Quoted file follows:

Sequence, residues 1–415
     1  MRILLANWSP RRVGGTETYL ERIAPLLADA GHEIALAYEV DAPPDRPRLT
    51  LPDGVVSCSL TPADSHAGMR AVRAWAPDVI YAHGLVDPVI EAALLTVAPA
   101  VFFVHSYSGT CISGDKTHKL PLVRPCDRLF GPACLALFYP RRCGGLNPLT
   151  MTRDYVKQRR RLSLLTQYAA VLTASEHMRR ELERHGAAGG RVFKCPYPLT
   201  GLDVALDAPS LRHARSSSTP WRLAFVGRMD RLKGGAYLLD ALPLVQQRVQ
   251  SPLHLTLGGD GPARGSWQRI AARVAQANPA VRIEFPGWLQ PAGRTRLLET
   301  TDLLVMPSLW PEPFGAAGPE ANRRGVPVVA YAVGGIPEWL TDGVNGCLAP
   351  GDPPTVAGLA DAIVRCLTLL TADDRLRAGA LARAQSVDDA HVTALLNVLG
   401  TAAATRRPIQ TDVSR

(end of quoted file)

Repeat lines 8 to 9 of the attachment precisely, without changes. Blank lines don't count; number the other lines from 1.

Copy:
   301  TDLLVMPSLW PEPFGAAGPE ANRRGVPVVA YAVGGIPEWL TDGVNGCLAP
   351  GDPPTVAGLA DAIVRCLTLL TADDRLRAGA LARAQSVDDA HVTALLNVLG